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The young and the restless: 6 young footballers to watch out for this summer

Remember the names.

Dublin – Jack McCaffrey

Pic: INPHO/Ryan Byrne

WHEN TADHG KENNELLY travelled to Ireland to oversee an AFL training camp in Tallaght in February of 2012, he was blown away by the sprinting ability of one young Dublin footballer in particular. Jack McCaffrey’s lightning speed over 20 metres left Kerry’s 2009 All-Ireland SFC medallist drooling.

McCaffrey was so quick over the distance that if he was based in Australia, he would have been the top sprinter in the previous year’s AFL draft, the cream of the country’s 18-year-olds. The Clontarf star made his Dublin senior debut against Laois last year and he has enjoyed an extended run in Jim Gavin’s team in 2013. He’s the epitome of the modern day wing-back – strong, mobile and well able to take a score. He’s also the son of Dr. Noel McCaffrey, a leading sports medic who played for Dublin in the 1980s and 1990s.

And Jack was one of four players called in by ex-Dublin boss Pat Gilroy to his senior squad on the back of All-Ireland U21 success in 2012. McCaffrey also played in the 2011 All-Ireland minor final and, following in his father’s footsteps, he’s studying to become a doctor.

Tyrone – Niall Morgan

Pic: INPHO/Ryan Byrne

Tyrone boss Mickey Harte has found himself a top class goalkeeper and a colourful character too in Niall Morgan. In last month’s National League Division 1 final against Dublin, Morgan emerged as his side’s leading scorer with 0-5 from placed balls. A newcomer to the Tyrone set up this year, Morgan has modelled his game on Dublin goalkeeper Stephen Cluxton. The 21-year-old netminder played soccer with Dungannon Swifts for the last two seasons but he couldn’t turn down Mickey Harte’s invitation to join the Tyrone squad. And Harte’s faith in Morgan has been justified as the new number 1 has seen off competition from Pascal McConnell and John Devine (now retired) to claim the coveted goalkeeping position on a long-term basis.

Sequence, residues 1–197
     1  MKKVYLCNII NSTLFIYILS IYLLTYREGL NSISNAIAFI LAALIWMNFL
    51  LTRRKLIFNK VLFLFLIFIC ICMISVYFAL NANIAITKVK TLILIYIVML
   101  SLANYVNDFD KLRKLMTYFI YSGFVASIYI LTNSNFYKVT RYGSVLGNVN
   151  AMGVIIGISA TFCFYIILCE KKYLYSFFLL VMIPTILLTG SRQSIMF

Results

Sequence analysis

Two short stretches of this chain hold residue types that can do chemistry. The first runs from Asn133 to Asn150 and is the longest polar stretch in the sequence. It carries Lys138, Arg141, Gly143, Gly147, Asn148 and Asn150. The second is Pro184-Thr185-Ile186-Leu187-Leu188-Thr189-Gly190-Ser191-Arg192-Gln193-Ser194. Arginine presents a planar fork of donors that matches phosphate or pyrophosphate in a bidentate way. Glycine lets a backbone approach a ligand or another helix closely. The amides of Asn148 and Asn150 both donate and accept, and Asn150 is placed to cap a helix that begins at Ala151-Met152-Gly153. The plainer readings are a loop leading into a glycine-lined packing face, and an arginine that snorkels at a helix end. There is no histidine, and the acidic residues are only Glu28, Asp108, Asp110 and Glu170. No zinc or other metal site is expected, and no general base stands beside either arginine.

Morgan kicked 0-18 for Tyrone during the National League campaign and the Edendork player is a smart bet to open his championship account against Donegal.

Cork – Damien Cahalane

Pic: INPHO/Lorraine O’Sullivan

DAMIEN Cahalane made a big call earlier this year when he decided to commit exclusively to the Cork footballers for the 2013 season.

Cork senior hurling team manager Jimmy Barry-Murphy was naturally disappointed but Cahalane decided that it was impossible to combine both codes at such a high level.

The talented defender captained Cork to glory in this year’s Cadbury Munster U21 football championship and the Rebels went all the way to the All-Ireland final, before losing to Galway. And Cahalane believes that leaving the hurley to one side, for now, is benefiting his football.

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He made his first appearance for Cork in the All-Ireland senior hurling championship last year, lining out at full-back against Wexford in the qualifiers. Cahalane also helped his club Castlehaven to Cork SFC glory, before they lost the Munster final against Kerry’s Dr. Crokes.

He made his senior football debut for the Rebels in the McGrath Cup earlier this year and his first championship appearance is sure to follow shortly.